On Dec 4, 2019, Chairman Pai responded by saying he directed FCC staff to submit a draft order addressing this band to the Interdepartment Radio Advisory Committee, an interagency group headed by the National Telecommunications and Information Administration (NTIA). "In the normal course, federal agencies with equities in this band are supposed to submit feedback to the NTIA, which is then supposed to coordinate the official position of the Executive Branch on the band to the FCC. The FCC then makes a decision on whether and how to proceed on the draft order, as appropriate. We are currently awaiting feedback from the NTIA on the Executive Branch’s position."
On Aug 2, 2019, Reps Debbie Dingell (D-MI) and Fred Upton (R-MI) sent a letter to Federal Communications Commission Chairman Ajit Pai about a recent Notice of Proposed Rulemaking in the 5.9 GHz band, urging the FCC to take a technology neutral approach to allow for testing of the Cellular Vehicle-to-Everything (C-V2X) communications platform.
On Dec 3, Chairman Pai responded by explaining that the NPRM takes a balanced approach, which includes an exclusive home for C-V2X technology in the 5.9 GHz band. He notes that his proposal marks a departure from the FCC's recent exploration of allowing unlicensed devices to share the same spectrum with dedicated short-range communications (DSRC).
When it comes to the possibility of home broadband competition, we want to believe. And in the case of 5G mobile broadband, wireless carriers want us to believe, too. But whether or not technological and commercial realities will reward that faith remains unclear. As with 5G smartphones, the basic challenge here sits at the intersection of the electromagnetic spectrum and telecom infrastructure economics. When delivered over millimeter-wave frequencies and their copious amounts of free spectrum, 5G can match the speed and latency of fiber-optic broadband, with downloads of 1 gigabit per second and ping times under 10 milliseconds. But on those frequencies of 24GHz and up, signals struggle to reach more than a thousand feet outdoors. Carriers can fix that by building many more cell sites, each with its own fiber backhaul, but a fiber-to-the-block build-out may not be appreciably cheaper than fiber-to-the-home deployments. And while residences don't move and don't mind wireless antennas larger than a shirt pocket—unlike individual wireless subscribers—residences also have walls that often block mmWave signals.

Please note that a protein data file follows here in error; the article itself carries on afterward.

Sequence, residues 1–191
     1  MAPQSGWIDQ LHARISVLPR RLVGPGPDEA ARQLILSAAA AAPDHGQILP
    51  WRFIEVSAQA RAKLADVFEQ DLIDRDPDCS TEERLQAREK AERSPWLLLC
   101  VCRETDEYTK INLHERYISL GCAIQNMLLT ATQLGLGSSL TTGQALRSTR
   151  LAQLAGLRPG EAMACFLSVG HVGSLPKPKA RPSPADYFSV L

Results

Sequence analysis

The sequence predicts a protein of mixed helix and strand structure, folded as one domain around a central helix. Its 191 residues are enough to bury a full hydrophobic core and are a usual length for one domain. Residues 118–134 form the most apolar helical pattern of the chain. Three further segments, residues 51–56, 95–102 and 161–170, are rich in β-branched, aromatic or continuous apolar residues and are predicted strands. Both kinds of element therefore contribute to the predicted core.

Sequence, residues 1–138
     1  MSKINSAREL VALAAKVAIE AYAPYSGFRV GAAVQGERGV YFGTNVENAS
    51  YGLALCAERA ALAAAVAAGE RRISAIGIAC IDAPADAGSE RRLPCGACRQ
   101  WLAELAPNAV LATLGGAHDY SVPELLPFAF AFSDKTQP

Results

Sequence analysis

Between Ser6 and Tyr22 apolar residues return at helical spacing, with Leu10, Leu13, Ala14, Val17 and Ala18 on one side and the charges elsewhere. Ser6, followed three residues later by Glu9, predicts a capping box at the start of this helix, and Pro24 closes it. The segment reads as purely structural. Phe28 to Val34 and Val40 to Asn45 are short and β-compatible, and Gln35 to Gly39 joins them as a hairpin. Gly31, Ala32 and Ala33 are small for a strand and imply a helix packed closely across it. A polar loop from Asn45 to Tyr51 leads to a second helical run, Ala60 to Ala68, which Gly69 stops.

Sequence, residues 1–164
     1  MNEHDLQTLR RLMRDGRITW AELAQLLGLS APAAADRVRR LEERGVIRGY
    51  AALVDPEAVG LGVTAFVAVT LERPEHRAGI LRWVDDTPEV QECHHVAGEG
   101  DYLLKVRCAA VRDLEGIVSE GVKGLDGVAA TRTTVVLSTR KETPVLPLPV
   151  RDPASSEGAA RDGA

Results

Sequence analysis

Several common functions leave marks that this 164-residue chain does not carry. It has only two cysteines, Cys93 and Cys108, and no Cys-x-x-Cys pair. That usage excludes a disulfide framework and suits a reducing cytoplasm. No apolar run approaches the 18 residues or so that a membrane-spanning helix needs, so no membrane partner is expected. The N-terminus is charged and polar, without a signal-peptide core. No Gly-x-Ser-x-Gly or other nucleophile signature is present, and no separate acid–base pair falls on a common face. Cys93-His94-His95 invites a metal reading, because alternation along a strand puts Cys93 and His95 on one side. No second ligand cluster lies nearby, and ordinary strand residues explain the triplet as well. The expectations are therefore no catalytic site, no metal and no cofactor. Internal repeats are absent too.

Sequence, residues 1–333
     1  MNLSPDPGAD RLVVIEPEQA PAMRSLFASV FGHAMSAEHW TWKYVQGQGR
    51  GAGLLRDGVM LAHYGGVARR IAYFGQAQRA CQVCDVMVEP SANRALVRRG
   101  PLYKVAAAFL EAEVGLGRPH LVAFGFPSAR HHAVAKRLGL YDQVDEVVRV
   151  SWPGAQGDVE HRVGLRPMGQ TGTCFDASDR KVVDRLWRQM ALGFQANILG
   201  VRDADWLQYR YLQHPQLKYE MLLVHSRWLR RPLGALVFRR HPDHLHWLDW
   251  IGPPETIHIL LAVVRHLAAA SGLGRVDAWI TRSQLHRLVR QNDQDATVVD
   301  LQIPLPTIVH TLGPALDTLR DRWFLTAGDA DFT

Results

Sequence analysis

In November 2019, Members of Congress wrote to the Federal Communications Commission to express concern that the very brief notice, and even shorter window for filing spectrum license applications in the 2.5 GHz proceeding will prevent many tribes and tribal organizations from taking advantage of the priority window. In addition, they said the FCC request that the Office of Management and Budget (OMB) expedite its Paperwork Reduction Act (PRA) approval of the order may further disadvantage eligible tribes and tribal organizations.
On December 3, FCC Chairman Ajit Pai wrote back saying that the National Congress of American Indians (NCAI) has been working with FCC staff to prepare Tribal communities for the upcoming eligibility window. "And following discussions I personally have had with representatives of Tribal and Native Hawaiian organizations, I share your view that Tribes will need sufficient time to prepare and participate in the Tribal priority window. Therefore, on December 2, I sent letters to Tribal and Native Hawaiian leaders, and the FCC also issued a Public Notice, stating that the Tribal priority window will open on February 3, 2020 and close on August 3, 2020. This extended 182-day window is the result of the hard work of agency staff and takes into account NCAI’s recent resolution on this issue. The FCC takes seriously its trust relationship with federally-recognized Tribal Nations, and we share the common goal of closing the digital divide in Indian Country. To this end, it is important that we collaborate to ensure that interested Tribes can take advantage of this unprecedented option."